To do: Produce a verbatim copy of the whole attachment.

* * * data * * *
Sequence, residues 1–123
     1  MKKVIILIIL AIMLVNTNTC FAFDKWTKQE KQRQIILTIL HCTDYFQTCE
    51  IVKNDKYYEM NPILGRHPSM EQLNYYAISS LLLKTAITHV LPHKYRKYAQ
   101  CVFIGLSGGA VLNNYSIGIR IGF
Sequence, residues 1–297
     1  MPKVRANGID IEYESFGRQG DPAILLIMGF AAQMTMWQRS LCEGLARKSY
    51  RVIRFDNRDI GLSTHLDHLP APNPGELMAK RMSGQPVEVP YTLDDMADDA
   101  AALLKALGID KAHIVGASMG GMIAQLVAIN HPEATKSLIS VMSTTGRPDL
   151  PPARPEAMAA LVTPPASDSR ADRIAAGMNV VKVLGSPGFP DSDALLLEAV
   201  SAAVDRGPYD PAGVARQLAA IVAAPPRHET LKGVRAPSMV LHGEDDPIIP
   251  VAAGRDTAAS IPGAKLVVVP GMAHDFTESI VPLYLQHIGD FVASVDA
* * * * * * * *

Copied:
Sequence, residues 1–123
     1  MKKVIILIIL AIMLVNTNTC FAFDKWTKQE KQRQIILTIL HCTDYFQTCE
    51  IVKNDKYYEM NPILGRHPSM EQLNYYAISS LLLKTAITHV LPHKYRKYAQ
   101  CVFIGLSGGA VLNNYSIGIR IGF
Sequence, residues 1–297
     1  MPKVRANGID IEYESFGRQG DPAILLIMGF AAQMTMWQRS LCEGLARKSY
    51  RVIRFDNRDI GLSTHLDHLP APNPGELMAK RMSGQPVEVP YTLDDMADDA
   101  AALLKALGID KAHIVGASMG GMIAQLVAIN HPEATKSLIS VMSTTGRPDL
   151  PPARPEAMAA LVTPPASDSR ADRIAAGMNV VKVLGSPGFP DSDALLLEAV
   201  SAAVDRGPYD PAGVARQLAA IVAAPPRHET LKGVRAPSMV LHGEDDPIIP
   251  VAAGRDTAAS IPGAKLVVVP GMAHDFTESI VPLYLQHIGD FVASVDA